It is of special note that only one other large observational study was published prior to the European Male Ageing Study designed to evaluate the possible association between 25(OH)D and testosterone levels in men. The authors found that serum 25(OH)D levels were independently associated with testosterone in a sample of 2299 men with a mean age of 62 years and that a parallel seasonal pattern of 25(OH)D and testosterone levels was present. However, the study population was highly biased since the subjects were not healthy, having hypertension, pre-existing coronary artery disease and diabetes, while the negative study consisted of essentially healthy community-dwelling males.134
In another study of 1362 male participants of the Health Professionals Follow-up Study selected for a nested case-control study on prostate cancer, 25(OH)D levels were associated with total and free testosterone reaching a plateau at higher levels. Again, this study also had a biased population.135
Moreover, studies with vitamin D supplementation are mostly negative or contradictory. For example, in a post hoc analysis of three small clinical trials of limited duration in men with normal baseline testosterone concentrations, supplementation with 2000 IU of cholecalciferol daily was not associated with any increase in the circulating testosterone levels.136 By contrast, in another small study vitamin D supplementation had a borderline effect on testosterone levels.137 Of interest however are two smaller studies, one in China and another in Korea, that found a positive correlation between 25(OH)D and testosterone, which showed a similar seasonal variation. Lower vitamin D levels were associated with a higher prevalence of hypogonadism in Chinese men. This association might, in part, be explained by adiposity and insulin resistance and warrants additional investigation.138,139
VITAMIN D ΙN SARCOPENIA
Sarcopenia is defined as a major loss of muscle mass and strength in older individuals to a degree of less than 2SD compared to that of the young. The prevalence of sarcopenia increases with age from 5 to 15% in persons between 60 and 70 years of age and up to 50% in persons older than 80. The risk of falling doubles in sarcopenic individuals.140-143 Sarcopenia should not be confused with two other causes of muscle loss, cachexia and age-associated loss of muscle cells. Thus, severe cancer may cause cachexia or myopenia associated with the circulating cytokines and other tumor-produced factors affecting cell health and tissue renewal. In individuals with no cancer, sarcopenia appears to be the extreme end of an age-associated gradual loss of muscle mass starting at the age of 30 and accelerated by a sedentary lifestyle. Between ages 30-60, most adults exhibit a gradual loss of approximately a quarter of a kg of muscle mass per year, while at the same time gaining half a kg of fat.144-146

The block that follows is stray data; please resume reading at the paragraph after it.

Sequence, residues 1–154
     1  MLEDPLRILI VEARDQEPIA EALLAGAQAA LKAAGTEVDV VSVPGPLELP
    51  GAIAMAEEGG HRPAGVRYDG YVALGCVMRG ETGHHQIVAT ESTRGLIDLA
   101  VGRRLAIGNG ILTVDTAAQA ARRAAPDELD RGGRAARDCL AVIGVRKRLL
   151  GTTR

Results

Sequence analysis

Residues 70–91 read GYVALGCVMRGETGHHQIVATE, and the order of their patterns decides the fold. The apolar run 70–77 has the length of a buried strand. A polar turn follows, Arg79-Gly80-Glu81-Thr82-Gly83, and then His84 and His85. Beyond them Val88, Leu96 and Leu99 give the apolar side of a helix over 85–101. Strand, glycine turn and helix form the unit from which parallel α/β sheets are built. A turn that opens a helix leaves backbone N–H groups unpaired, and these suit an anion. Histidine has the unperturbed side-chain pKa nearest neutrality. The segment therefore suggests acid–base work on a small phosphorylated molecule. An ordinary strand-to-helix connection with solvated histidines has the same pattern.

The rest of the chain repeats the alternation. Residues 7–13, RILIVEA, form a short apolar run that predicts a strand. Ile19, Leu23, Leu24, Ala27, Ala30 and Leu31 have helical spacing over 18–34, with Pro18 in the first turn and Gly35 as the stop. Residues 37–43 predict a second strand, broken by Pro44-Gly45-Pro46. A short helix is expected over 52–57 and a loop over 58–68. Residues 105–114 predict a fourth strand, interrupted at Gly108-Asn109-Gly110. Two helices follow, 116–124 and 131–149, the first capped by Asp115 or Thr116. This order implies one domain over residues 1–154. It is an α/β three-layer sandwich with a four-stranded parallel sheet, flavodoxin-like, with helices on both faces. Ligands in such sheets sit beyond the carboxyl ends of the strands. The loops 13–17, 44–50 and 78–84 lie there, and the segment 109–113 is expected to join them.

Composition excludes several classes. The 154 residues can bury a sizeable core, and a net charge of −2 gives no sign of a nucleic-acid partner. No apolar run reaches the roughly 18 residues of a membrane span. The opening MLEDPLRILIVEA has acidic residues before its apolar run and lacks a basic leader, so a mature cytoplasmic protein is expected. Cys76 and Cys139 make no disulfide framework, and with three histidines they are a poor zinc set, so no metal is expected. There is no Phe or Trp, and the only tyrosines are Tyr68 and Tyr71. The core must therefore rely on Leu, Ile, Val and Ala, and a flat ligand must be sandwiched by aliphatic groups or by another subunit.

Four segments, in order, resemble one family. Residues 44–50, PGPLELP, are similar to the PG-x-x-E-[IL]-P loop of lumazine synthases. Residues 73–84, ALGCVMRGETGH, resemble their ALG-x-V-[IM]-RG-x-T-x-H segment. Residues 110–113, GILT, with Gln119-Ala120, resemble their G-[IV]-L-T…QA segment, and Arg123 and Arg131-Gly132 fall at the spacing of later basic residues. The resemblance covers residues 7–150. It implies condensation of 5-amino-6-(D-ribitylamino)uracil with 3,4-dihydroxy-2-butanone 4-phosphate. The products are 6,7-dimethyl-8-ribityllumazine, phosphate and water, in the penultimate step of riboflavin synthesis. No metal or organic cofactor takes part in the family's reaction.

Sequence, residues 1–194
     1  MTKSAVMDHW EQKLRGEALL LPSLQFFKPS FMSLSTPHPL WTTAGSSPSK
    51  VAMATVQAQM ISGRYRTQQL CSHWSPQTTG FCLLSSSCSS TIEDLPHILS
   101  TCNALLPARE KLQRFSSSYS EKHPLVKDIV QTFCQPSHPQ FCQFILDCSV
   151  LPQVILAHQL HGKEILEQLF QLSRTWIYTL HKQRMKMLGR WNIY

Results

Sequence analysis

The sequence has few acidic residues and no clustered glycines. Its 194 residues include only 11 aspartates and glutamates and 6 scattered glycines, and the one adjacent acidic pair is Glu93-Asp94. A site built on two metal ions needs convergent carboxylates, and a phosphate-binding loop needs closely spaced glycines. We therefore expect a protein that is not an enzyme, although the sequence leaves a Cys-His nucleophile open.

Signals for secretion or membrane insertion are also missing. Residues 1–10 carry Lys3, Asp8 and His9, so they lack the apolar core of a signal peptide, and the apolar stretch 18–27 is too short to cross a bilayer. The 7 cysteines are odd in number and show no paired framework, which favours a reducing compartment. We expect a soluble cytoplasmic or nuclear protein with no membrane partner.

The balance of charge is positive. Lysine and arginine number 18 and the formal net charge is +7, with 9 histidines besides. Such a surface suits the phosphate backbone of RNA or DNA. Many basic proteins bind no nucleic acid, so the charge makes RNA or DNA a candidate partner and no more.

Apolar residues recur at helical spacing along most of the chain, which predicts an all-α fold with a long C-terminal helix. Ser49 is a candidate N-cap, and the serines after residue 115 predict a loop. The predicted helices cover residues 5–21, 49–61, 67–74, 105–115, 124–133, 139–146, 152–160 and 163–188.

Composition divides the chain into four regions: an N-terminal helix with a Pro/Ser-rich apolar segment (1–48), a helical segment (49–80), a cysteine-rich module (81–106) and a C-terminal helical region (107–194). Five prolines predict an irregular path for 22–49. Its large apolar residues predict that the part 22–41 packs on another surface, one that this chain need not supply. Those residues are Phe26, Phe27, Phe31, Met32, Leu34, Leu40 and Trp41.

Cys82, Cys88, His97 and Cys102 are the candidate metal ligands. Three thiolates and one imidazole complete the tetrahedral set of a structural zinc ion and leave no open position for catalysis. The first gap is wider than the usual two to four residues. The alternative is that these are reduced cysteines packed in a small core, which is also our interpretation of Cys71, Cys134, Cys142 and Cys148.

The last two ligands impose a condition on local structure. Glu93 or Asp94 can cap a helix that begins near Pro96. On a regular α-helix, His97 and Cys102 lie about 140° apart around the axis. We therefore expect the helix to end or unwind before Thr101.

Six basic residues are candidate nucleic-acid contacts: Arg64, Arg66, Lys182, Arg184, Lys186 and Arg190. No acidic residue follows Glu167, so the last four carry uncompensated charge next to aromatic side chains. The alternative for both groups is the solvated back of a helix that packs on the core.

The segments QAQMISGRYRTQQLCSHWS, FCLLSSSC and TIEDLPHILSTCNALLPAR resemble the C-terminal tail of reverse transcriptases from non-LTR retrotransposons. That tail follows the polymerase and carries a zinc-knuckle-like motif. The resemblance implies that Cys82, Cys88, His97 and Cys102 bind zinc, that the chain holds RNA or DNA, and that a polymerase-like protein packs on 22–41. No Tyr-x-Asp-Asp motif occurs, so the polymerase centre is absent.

Histologically, sarcopenia is characterized by a decline in the number of type II fast twist muscle cells and a parallel increase in the number of type I slow twitch cells. Sarcopenia is additionally characterized by fat infiltration of muscles identified as myosteatosis or obese sarcopenia. DEXA, ultrasound, MRI and CT are useful in assessing muscle fat composition.
Several factors accelerate muscle loss with age, lack of exercise and a sedentary lifestyle as well as a parallel reduction of protein intake being thought to represent the principal inducing factors. Exercise is well-established as having trophic effects on muscle mass and function. Sarcopenia is negatively associated with the dietary intakes of energy and proteins in both genders. It should be noted that proteins act synergistically with exercise to increase muscle mass. Another factor contributing to the development of sarcopenia is the decline of testosterone levels. Testosterone activates protein synthesis in muscles and inhibits the maturation of pre-adipocyte progenitor cells present within muscles. Testosterone production declines gradually in males (around 1% per year after the 30th year of age) and in females at a much faster rate.